Theory of Computation

V22.0453 .01
Fall 2002

Monday-Wednesday 11:00 am - 12:15 pm
Room 102, Warren Weaver Hall

Professor Edmond Schonberg
Room 410, Warren Weaver Hall

Instructor: Edmond Schonberg (schonberg@cs.nyu.edu)

Office hours: Monday-Wednesday 5:00 to 6:30 pm, and by appointment.

Teaching Assistant: Ji-Ae Shin (jiae@cs.nyu.edu)

Objectives

We will examine the foundations of our profession: how can we formalize the notion of computation, what mathematical descriptions can we give of different models of computation, what are the limits of computation (are there precisely formulated problems which no computation can answer?) and finally, how fast can we compute the answer to various classes of problems. This study has a mathematical flavor, and we will present arguments in a reasonably rigorous manner, with theorems and their proofs. We will try to keep in sight the actual practice of writing programs, even though the course will not have a required programming component. The topic itself is one of the great intellectual achievements of the last 80 years, and has had a cultural impact much beyond Computer Science per se.

Course Work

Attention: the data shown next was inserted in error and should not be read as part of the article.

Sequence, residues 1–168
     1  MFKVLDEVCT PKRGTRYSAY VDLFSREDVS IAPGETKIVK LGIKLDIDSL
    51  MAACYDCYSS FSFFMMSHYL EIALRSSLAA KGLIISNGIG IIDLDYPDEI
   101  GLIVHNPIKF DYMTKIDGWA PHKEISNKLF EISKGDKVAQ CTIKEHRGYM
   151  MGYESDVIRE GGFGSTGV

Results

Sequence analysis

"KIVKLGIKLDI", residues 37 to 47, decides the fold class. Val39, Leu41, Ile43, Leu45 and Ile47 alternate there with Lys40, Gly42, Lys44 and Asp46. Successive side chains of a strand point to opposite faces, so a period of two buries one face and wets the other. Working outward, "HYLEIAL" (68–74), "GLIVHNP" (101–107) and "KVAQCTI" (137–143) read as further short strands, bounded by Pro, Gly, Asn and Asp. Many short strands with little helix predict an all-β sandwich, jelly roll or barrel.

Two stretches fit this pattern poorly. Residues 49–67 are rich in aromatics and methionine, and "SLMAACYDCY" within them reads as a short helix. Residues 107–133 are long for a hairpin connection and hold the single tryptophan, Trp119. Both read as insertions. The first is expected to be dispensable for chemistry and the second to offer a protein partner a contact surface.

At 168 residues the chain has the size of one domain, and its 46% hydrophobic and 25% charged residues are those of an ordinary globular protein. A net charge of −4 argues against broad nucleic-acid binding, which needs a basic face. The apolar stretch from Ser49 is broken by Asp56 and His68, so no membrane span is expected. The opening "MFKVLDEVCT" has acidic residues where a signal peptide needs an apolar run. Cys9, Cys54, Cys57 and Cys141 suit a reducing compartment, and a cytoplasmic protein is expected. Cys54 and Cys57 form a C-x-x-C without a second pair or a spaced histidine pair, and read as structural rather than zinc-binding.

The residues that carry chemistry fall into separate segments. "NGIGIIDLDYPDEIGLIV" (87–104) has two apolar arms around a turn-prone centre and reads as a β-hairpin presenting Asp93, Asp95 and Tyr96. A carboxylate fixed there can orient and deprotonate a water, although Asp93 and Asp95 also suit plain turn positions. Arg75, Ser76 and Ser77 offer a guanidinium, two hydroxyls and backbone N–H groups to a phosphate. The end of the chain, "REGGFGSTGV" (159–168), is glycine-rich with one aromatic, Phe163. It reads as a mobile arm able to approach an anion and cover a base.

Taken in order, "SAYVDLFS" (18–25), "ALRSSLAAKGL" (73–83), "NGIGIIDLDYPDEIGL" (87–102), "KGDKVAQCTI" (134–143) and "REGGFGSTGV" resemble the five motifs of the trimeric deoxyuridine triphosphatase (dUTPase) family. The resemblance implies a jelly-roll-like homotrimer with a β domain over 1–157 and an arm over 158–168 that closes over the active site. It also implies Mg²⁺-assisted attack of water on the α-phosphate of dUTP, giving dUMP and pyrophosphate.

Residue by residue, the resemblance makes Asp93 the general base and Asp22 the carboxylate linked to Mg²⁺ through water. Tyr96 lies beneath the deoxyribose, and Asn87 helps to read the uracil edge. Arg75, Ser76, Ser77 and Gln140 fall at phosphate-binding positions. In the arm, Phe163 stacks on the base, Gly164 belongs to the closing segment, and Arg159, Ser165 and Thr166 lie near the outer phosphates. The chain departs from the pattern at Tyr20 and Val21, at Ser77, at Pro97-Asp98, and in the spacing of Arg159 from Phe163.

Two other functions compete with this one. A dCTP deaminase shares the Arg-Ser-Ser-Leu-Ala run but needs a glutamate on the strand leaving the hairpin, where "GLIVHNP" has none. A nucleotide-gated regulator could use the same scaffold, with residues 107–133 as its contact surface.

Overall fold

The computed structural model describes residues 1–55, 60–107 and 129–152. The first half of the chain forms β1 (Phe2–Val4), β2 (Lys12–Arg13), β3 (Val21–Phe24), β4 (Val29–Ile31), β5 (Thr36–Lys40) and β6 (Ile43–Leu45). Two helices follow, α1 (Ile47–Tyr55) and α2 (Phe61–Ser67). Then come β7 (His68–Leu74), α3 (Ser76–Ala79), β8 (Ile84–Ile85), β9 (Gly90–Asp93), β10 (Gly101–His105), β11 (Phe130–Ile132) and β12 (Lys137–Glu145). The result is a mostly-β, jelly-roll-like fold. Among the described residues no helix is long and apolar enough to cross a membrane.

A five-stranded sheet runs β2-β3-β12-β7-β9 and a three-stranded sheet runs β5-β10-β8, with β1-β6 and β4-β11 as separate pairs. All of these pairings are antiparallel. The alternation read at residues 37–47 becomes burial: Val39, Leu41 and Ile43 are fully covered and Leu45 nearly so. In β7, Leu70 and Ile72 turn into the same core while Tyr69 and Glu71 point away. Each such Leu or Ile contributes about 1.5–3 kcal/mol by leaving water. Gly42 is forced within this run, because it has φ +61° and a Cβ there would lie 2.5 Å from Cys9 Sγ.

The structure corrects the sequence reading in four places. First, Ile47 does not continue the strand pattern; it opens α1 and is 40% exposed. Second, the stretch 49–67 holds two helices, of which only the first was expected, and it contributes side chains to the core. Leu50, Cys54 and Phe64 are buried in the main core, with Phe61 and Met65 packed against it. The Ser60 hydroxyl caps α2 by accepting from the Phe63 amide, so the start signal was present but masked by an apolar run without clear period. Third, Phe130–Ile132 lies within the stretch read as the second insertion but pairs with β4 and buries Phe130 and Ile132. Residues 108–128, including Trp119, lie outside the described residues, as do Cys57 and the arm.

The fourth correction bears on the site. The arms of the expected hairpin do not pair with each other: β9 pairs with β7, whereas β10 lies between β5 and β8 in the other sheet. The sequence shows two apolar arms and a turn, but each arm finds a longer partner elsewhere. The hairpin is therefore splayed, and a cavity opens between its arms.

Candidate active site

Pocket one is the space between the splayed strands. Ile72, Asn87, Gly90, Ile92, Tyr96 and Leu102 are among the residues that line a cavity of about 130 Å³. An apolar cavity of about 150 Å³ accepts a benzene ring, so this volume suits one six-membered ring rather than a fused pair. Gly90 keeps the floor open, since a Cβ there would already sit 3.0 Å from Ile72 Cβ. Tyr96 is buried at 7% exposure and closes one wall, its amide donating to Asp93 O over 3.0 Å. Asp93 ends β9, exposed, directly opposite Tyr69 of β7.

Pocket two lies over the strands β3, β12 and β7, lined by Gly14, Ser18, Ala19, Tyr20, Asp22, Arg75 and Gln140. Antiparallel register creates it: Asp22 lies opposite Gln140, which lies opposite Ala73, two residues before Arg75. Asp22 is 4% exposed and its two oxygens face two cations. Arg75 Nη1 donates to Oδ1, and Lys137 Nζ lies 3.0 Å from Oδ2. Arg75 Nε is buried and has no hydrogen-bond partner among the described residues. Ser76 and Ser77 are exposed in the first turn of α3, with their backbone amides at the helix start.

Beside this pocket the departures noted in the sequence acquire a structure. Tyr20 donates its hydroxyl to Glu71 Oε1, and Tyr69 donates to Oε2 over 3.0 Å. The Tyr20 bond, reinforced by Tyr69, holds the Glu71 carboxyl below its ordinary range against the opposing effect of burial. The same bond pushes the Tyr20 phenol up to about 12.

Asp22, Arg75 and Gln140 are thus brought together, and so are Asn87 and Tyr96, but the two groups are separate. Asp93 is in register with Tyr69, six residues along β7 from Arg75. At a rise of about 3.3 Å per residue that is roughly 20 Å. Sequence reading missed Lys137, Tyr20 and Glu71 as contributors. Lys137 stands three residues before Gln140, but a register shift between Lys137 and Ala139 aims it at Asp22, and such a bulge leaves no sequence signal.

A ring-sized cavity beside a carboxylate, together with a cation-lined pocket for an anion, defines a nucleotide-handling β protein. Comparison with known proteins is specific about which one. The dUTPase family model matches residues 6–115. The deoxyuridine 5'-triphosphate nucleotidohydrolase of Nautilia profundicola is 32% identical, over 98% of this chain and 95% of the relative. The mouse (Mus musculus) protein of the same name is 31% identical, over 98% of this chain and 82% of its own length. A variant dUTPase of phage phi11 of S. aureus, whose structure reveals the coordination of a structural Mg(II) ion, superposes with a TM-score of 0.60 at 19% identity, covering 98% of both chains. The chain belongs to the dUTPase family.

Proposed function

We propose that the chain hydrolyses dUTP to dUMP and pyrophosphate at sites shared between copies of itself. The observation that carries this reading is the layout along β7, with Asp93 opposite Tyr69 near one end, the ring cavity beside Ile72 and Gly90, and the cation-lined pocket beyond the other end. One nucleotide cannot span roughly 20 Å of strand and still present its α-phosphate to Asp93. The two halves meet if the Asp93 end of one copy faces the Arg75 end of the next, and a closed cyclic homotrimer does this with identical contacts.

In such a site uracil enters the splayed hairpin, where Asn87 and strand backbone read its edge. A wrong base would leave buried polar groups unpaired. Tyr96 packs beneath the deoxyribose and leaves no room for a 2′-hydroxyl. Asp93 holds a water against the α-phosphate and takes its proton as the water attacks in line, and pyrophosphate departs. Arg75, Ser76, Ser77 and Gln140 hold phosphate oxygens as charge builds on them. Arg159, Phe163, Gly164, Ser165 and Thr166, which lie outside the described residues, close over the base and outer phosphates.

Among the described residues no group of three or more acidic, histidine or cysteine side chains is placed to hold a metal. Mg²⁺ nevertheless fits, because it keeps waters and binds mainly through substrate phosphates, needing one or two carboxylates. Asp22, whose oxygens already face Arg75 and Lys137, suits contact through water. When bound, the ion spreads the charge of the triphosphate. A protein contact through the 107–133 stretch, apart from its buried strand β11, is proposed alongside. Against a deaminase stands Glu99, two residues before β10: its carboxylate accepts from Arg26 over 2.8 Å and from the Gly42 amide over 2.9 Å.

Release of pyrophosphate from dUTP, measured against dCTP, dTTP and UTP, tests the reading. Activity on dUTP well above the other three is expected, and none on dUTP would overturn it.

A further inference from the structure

Paper assignments, mid-term examination, final examination, roughly with the same weight.

Textbooks

required:

Michael Sipser : Introduction to the Theory of Computation (PWS PUblishing 2000)

Recommended :

There are numerous texts on the subject, that you may want to consult. A good modern one is: "Introduction to Automata Theory, Languages, and Computation" by Hopcroft, Motwani, and Ullman.
An excellent survey of the historical origins of computers, fueled by efforts to mechanize Logic, can be found in Martin Davis's book "The Universal Computer: the road from Leibnitz to Turing", recently reprinted in paperback as "Engines of Logic".

Class list

All students should register themselves with the class list, which is used for all technical discussions concerning the course. To register, go to the following web page, and follow the instructions:

cs.nyu.edu/mailman/listinfo/v22_0453_001_fa02

You can also subscribe by sending an e-mail message to majordomo@cs.nyu.edu. The contents of the message should be the single line:
     subscribe v22_0453_001_fa02
you will be notified in return that you are a list participant. Please send all your questions to this list (not to the instructor) so that everyone can participate.

Assignments

Assignment I
Assignment II
Assignment III
Assignment IV
Assignment V
Assignment VI